Although many people would not want to rely on the off grid water systems that we have put in place, here are the major pieces of our water around our off grid homestead:
1. Drinking Water
The primary source of water for this home is the rainwater catch cistern. However, with much of the North being in a drought since August of 2011 the cistern is not as full as it should be, along with a shortage of ice for the ice house.
For years the homeowners’ carried their drinking water from town. The land cooperative decided to spend the money and drill a deep well, with a solar assist pump, not only for drinking water, but bathing and irrigation of the gardens. Although these homeowners’ continue to use their cistern as their primary water source, they do have the option of the deep well water also.
2. Hot Water, Showers and Bathing Off Grid
This is a truly ingenious system for taking a shower! The reservoir is filled with hot water from the cook stove (Or depending on how fast or how many are going to take a shower, half cold water and the rest hot water.) and gravity feeds to a shower in the basement directly below the reservoir next to the “ash catch” room.
A simple lever is used to access the heated water into the shower. And even though there are teenagers in the home, the parents note that there are no problems with long, extended showers that so many teens are prone too! The basement is also unheated, so that may be a factor as well.
Below is a picture of the upstairs “washroom”. It is located between the master bedroom and the open loft area of the children’s rooms.
A simple pitcher and wash basin are the fundamentals for face and hand washings and brushing teeth. I am not sure whether this is plumbed into a gray water system or has a five gallon bucket below the vanity curtains. That is an extra hand mirror on the side of the vanity and behind is a closet covered with more muslin curtains.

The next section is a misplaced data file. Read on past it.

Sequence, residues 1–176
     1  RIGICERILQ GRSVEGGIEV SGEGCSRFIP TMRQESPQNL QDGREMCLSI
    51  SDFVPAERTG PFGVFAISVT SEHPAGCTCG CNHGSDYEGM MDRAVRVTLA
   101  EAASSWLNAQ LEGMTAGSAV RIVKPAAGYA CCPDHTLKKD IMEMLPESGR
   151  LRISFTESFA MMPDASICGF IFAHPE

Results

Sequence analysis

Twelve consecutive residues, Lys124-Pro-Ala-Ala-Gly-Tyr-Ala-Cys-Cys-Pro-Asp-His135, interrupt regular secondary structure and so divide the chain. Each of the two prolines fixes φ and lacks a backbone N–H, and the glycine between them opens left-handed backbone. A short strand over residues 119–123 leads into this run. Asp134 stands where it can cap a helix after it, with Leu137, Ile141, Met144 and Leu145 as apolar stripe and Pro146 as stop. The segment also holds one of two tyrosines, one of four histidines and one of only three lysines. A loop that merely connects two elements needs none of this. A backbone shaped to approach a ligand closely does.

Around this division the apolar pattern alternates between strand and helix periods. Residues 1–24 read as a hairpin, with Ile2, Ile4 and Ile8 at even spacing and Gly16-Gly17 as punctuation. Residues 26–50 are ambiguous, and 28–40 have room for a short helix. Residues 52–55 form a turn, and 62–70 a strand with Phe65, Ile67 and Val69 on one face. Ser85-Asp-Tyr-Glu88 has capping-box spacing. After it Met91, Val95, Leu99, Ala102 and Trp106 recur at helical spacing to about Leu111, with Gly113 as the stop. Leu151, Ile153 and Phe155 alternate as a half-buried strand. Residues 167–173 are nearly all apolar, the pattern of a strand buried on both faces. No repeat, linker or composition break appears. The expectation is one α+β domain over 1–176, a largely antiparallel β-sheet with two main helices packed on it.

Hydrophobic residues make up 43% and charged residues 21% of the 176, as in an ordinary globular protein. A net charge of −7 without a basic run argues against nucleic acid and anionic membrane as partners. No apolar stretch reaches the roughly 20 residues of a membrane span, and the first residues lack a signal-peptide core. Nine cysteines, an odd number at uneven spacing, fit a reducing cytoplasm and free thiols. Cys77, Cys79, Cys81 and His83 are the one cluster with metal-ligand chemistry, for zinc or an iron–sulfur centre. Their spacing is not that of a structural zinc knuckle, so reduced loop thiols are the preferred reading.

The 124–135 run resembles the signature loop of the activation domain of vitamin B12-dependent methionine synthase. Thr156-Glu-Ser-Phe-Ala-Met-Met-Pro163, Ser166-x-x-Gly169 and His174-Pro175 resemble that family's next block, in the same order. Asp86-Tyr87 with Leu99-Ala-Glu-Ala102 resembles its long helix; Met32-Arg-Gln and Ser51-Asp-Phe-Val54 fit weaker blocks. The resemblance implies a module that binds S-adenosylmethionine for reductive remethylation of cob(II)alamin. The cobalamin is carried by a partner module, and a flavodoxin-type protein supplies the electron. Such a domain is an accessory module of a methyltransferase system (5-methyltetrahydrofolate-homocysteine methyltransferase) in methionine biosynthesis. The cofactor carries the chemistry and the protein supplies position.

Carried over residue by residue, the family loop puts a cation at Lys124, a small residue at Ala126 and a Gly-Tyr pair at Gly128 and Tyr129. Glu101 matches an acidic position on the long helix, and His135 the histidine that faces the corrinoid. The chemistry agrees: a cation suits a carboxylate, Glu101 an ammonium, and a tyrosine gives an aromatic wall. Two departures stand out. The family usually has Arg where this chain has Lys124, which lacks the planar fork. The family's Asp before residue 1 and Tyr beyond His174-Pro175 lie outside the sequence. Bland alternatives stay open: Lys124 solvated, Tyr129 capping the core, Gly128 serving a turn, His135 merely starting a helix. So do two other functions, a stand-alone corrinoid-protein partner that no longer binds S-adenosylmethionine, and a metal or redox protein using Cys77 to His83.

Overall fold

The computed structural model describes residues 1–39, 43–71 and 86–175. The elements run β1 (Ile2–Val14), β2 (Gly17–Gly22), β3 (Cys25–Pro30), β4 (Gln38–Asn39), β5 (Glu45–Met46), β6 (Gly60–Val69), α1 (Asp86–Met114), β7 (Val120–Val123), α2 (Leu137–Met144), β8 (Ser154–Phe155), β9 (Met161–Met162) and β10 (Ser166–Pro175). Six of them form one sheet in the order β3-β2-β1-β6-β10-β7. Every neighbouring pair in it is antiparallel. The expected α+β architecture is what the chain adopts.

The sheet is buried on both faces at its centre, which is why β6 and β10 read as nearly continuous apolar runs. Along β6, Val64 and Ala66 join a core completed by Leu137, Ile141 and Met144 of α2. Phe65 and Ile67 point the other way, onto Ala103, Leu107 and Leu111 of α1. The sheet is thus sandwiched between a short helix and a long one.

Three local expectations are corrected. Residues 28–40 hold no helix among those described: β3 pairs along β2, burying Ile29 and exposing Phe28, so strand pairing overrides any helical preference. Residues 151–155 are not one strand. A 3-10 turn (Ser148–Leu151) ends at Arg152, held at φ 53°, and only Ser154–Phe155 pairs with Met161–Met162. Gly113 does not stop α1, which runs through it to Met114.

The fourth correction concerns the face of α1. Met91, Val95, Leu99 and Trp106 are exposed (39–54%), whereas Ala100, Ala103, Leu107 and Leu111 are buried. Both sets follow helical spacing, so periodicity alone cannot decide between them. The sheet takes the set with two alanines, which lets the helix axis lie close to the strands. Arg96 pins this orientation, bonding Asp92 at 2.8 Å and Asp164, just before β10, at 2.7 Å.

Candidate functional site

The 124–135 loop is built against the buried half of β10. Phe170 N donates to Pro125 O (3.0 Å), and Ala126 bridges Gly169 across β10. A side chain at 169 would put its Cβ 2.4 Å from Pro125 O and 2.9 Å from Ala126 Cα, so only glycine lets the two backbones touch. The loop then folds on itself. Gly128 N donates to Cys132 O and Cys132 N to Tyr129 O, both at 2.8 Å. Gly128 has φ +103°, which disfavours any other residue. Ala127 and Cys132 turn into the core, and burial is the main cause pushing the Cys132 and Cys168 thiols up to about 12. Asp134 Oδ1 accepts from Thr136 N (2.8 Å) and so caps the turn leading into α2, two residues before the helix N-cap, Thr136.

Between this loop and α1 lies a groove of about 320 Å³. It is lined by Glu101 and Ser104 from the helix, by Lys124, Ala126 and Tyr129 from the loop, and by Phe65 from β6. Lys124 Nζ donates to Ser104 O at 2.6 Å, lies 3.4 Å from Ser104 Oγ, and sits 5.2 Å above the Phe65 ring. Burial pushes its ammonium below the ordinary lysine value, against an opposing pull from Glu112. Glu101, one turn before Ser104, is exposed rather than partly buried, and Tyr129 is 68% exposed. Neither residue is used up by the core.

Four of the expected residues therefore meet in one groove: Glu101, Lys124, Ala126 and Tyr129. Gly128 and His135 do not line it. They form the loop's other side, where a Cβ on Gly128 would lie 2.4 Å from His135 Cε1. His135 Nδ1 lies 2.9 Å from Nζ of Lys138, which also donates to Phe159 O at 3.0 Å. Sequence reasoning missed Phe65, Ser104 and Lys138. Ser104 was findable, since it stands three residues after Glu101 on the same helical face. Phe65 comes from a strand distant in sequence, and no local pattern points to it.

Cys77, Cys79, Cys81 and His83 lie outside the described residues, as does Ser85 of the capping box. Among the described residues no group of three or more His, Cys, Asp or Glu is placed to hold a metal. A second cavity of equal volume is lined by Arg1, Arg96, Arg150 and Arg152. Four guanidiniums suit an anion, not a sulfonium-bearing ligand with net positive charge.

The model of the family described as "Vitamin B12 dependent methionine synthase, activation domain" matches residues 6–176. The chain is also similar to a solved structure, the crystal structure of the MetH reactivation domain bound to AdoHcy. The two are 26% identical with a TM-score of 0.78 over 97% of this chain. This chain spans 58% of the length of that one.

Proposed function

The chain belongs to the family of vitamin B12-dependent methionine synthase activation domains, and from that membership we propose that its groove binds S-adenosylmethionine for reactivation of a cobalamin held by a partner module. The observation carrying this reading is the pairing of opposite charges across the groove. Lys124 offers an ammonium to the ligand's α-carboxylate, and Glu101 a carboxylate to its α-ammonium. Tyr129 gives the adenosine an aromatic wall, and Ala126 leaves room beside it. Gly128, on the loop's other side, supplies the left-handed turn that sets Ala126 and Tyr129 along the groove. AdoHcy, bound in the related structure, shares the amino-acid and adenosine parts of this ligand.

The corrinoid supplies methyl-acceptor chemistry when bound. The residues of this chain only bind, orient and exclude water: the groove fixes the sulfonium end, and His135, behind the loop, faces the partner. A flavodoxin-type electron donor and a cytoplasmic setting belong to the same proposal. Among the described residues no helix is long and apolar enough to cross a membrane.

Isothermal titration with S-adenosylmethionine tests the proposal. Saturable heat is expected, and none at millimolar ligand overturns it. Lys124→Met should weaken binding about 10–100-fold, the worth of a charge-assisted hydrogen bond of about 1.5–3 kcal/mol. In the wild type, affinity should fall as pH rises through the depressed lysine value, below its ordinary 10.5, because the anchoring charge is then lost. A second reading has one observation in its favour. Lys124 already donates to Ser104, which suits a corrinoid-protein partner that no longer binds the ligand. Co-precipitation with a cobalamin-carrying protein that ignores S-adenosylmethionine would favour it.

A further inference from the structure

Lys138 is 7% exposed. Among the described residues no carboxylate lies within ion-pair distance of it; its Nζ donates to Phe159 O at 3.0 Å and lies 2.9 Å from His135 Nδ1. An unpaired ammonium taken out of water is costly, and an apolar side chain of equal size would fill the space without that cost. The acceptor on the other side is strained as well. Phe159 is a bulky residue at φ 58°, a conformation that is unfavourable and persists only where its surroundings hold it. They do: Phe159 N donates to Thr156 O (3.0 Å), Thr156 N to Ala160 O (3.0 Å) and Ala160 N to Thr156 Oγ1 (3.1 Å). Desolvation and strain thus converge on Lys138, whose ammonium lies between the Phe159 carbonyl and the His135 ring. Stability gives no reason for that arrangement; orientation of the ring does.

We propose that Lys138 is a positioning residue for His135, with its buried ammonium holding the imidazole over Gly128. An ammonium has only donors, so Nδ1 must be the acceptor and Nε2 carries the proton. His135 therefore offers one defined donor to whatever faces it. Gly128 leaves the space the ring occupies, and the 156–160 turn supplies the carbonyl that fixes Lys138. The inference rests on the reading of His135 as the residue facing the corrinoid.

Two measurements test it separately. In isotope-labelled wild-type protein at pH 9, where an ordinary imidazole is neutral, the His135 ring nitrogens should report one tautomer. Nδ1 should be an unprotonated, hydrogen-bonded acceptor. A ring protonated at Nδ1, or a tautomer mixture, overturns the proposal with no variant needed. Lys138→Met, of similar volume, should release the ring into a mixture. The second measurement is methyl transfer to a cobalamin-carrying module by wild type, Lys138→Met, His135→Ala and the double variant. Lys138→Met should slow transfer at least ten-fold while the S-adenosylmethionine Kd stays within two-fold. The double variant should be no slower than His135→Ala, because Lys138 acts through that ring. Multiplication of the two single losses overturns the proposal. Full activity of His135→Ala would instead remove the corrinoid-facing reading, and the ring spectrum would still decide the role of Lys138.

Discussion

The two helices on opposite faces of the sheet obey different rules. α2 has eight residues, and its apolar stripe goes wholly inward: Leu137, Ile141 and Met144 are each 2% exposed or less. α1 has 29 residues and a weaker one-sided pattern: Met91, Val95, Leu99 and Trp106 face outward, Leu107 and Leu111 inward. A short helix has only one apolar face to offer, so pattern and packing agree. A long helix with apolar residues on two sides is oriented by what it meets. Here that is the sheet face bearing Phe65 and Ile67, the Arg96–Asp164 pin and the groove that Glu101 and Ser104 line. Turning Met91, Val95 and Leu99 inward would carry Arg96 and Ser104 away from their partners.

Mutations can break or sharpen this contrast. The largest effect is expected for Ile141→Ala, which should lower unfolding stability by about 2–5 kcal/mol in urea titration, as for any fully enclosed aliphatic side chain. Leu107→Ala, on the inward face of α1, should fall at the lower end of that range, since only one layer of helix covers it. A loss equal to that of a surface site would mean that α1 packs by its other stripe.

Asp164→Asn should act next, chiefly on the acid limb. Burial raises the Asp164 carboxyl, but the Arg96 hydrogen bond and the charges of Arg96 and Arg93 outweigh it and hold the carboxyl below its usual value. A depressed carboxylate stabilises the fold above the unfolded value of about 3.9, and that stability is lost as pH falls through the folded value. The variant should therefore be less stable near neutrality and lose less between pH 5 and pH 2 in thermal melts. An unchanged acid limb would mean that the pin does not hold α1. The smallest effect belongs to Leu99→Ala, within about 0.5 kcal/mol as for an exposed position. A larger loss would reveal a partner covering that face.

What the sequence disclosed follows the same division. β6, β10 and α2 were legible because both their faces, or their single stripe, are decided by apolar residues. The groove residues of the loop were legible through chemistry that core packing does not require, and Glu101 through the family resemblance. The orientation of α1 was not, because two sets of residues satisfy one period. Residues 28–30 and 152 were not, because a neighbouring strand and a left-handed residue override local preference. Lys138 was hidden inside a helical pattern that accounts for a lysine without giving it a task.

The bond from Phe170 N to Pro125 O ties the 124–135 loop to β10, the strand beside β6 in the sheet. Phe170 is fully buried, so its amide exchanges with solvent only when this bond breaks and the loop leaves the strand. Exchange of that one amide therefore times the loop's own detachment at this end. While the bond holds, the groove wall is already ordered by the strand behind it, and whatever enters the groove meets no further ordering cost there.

The claw food bathtub pictured above is seldom used anymore, but when the wife was pregnant she said she spent many hours in it trying to relieve the ache of back pain related to pregnancy and working in the fields. It is located kitty-corner from the wood cook stove in the kitchen. Now it just holds the laundry basket.
3. Our Water Well
Although this home is totally non-electric, solar grids on the greenhouse are used to pump drinking and cooking water from their 300’ deep well up to the house.
All other water is pumped by hand from a cistern beside the house used to collect rain water.
4. Off Grid Toilets
Beside the water room is a half-bath with a flush toilet. This is usually only used in the winter and flushed with a pail of water. Again it had the pitcher and basin for washing hands.
Note this nice rustic, traditional outhouse. It is built on a side hill and has a porch. The inside is “papered” with all kinds of pictures cut from various magazines!
5. Off Grid Laundry
This homeowner prefers to do laundry in town when they make their weekly trek to the library for homeschooling and internet access. However, they dry their clothes at home. Here is the obligatory clothes line. If this doesn’t bring back memories of wind fresh sheets, I don’t know what will.
I remember hanging clothes on the line during the winter. They freeze dried! I would bring the jeans into the house and stand them up against the wall until they thawed and finished drying over a chair. This suspended wagon wheel in the living room next to the masonry heater is for drying clothes! How charmingly inventive!
This is part of an off grid series, where I take you on a tour of the off-grid home without solar assist and a walk around the farm.
My hope is that you will enjoy the experience as much as I did and perhaps learn, or remember, a bit of an older/newer lifestyle.